In addition to the chicken strips and duck à l'orange, Memphis Meats plans to launch several poultry products playing off "classic American staples.”
Memphis Meats, a tech startup based in the Bay Area, announced today that it has begun production of the world's first "clean" chicken and duck meat—and they're not talking about giving some run-of-the-mill poultry a nice, soapy bath.
The stuff, which was unveiled at a press event yesterday, is called "clean" because the meat is produced directly from self-reproducing cells, without the need to feed, breed, or slaughter animals. It's also known as "cultured" or "in vitro" meat. David Kay, a business analyst at Memphis Meats, told MUNCHIES: "We were really excited to just yesterday reveal these products to the world. We've been working on the chicken strip for a few months now. Besides the chicken strip, the dish we prepared yesterday was inspired by duck à l'orange. It was really delicious."
With respect to its future offerings, Kay told us, "We're working on several different poultry products, many of them have not been publicly unveiled yet, but I can say we plan to enter market with products that play on classic American staples."
This is the same company that announced the production of the world's first "clean meatball"—made from bovine cells, of course—last year. You may recall that the meatball made waves because it was initially said to cost $1,000—per ball. Kay explained that the price of clean meat is the biggest hurdle the company faces: "We've seen some pretty significant leaps on that front in recent months and years, so we are definitely encouraged by that. When we first enter market we will likely be at a slight price premium, but as we scale, we expect to ultimately be cost competitive with conventionally produced poultry."
Memphis Meats was founded by three scientists—Uma Valeti, Nicholas Genovese and Will Clem—and has already raised more than $3 million in funding. The world's first lab-grown hamburger was revealed on August 5, 2013, thanks to the work of scientists from Maastricht University in the Netherlands, who took stem cells from a cow, grew them on strips of muscle, and made a burger out of the resulting beef.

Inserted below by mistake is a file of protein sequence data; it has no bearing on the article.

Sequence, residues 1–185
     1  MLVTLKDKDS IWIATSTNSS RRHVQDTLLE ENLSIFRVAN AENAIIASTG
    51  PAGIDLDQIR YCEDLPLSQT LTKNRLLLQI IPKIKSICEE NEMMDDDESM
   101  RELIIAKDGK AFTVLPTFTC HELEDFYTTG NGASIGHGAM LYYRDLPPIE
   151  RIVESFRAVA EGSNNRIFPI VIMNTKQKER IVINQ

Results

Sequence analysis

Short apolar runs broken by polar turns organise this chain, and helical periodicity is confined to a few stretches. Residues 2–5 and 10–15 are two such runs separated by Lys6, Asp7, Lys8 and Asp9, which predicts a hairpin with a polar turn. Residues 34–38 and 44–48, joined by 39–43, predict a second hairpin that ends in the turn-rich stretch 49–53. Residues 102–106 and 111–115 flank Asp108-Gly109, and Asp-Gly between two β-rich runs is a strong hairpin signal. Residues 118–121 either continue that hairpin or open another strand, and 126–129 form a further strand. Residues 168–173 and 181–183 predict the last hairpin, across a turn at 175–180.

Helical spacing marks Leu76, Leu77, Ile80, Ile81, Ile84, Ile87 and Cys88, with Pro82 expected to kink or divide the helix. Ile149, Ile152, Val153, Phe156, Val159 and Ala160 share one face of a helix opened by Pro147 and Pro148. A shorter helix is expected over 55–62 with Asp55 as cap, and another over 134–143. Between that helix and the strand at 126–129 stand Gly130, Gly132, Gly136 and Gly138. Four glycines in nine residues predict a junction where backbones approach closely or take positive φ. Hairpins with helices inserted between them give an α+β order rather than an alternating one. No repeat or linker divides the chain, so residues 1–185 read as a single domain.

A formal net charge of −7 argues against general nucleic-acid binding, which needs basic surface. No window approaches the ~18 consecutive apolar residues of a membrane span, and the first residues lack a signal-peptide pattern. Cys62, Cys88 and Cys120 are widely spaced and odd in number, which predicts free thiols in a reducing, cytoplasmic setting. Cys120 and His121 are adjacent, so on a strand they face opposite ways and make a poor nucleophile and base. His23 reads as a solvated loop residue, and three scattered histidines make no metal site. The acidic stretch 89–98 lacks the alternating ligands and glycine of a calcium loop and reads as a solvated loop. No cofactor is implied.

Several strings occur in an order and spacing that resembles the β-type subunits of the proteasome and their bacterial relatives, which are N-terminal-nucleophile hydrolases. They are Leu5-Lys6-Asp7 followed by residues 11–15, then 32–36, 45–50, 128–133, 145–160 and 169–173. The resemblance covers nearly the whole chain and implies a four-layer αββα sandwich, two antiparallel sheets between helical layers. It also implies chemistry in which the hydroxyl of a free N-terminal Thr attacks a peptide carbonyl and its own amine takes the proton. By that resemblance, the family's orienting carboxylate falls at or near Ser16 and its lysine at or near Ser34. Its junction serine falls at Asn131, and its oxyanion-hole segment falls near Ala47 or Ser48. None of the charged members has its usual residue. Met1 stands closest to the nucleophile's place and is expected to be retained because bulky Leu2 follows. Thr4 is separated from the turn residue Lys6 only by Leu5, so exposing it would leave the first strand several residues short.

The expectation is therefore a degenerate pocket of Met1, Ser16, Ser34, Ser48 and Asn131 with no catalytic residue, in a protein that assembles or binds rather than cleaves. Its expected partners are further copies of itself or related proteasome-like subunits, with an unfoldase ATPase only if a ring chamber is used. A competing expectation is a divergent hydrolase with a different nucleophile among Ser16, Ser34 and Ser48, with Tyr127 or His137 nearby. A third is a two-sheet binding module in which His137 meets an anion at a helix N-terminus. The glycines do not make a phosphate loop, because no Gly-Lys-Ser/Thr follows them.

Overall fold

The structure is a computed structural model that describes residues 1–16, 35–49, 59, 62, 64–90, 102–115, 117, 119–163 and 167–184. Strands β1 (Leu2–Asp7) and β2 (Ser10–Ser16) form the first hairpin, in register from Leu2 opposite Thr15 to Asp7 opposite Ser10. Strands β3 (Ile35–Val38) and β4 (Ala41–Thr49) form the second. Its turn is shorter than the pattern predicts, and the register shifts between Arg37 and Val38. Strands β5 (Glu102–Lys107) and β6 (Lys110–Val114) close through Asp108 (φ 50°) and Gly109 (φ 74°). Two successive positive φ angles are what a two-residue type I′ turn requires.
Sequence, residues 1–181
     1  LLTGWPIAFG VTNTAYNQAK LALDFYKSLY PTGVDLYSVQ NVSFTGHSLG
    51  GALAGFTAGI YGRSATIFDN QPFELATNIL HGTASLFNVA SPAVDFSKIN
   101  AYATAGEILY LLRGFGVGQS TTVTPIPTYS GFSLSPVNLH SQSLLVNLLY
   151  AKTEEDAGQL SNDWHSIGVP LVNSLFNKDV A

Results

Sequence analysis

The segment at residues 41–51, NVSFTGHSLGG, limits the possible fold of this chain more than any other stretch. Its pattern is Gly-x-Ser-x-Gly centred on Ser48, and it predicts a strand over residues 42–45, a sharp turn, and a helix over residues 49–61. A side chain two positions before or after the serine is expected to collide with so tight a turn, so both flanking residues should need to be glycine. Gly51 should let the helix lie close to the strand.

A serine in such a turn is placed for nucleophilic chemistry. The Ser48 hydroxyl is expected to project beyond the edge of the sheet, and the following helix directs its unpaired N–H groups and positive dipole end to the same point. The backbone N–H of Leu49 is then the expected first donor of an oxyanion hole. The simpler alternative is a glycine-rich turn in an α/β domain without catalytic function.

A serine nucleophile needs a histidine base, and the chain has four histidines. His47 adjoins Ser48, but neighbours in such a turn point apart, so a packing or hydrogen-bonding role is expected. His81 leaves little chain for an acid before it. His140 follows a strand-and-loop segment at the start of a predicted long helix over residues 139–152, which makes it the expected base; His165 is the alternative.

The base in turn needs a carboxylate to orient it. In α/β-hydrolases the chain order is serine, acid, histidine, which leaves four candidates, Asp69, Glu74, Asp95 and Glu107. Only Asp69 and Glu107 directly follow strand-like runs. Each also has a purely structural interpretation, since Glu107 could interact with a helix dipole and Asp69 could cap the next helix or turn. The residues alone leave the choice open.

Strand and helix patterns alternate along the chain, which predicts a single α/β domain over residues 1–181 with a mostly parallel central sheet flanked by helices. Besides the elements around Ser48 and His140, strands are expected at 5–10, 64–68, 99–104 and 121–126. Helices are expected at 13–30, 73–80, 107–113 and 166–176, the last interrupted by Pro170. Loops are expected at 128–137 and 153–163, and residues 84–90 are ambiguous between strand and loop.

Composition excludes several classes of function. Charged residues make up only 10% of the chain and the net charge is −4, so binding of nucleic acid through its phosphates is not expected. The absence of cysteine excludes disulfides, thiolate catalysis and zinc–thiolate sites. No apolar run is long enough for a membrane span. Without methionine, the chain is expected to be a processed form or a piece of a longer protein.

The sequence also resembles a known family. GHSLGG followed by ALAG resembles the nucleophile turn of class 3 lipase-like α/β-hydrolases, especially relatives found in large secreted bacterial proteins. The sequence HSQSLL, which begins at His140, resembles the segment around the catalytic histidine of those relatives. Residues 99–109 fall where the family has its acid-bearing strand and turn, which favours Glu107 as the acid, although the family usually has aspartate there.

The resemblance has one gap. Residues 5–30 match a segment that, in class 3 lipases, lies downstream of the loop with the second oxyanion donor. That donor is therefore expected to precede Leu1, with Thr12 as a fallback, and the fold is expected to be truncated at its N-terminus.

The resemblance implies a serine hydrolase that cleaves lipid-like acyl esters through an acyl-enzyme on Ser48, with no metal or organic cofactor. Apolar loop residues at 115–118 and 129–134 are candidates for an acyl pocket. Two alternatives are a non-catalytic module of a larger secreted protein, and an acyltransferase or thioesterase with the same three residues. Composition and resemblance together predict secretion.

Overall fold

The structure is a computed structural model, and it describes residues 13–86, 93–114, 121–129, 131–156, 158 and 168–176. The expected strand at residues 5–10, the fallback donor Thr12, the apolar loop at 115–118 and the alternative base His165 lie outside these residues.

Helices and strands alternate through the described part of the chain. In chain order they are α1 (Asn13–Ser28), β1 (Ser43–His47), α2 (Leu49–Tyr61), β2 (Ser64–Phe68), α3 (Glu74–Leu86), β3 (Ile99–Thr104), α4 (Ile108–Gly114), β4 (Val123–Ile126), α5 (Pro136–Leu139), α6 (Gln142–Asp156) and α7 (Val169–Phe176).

Memphis Meats told MUNCHIES that the company's technology allows it to fine-tune taste, texture, and nutrition profile. Furthermore, lab-grown chicken skirts the "huge problems for the environment, animal welfare, and human health" associated with conventional breeding. Clean chicken is grown "humanely" in stainless steel bioreactor tanks and the cultivation involves no grain, no water, and no waste.
The problems associated with meat production are international, so Kay says Memphis Meats' mission is an international one: "I can't get into too much detail, in part because these are conversations we're still having, but both the economic and social mission with modern meat production are not unique to the United States. We are very interested in having a global presence beyond just our national borders. Exactly what that will look like is something I can't talk about right now."
When asked why food technology companies specializing in lab-grown meat have up until now largely focused on producing beef—even though chicken is the most popular protein in the US—Kay told MUNCHIES, "I know there are certainly technological obstacles that we were able to overcome, which is why this is such an exciting unveiling, but I can't speak for other groups at to why nobody else had produced this so far. We're pretty excited to be leading this movement."
Don't get too excited, though. Memphis Meats says you won't be able to sink your teeth into a lab-grown bird until 2021, at the earliest. The issue comes down to cost: "The goal is to eventually be even more affordable than conventionally produced meat," Kay said. "But that won't be right at 2021; it will likely take a few years."
And when MUNCHIES asked Kay if Memphis Meats planned to first launch their range of poultry products to select markets or restaurants—like Impossible Foods did for its plant-based burger—he said, "Those are conversations we're still having. There are a lot of different options to consider, so it will depend on a few things."
Sounds as though it will be a while before the rest of us get to taste our very first bite of clean, lab-grown poultry. But at least this gives us a little bite of what we can expect.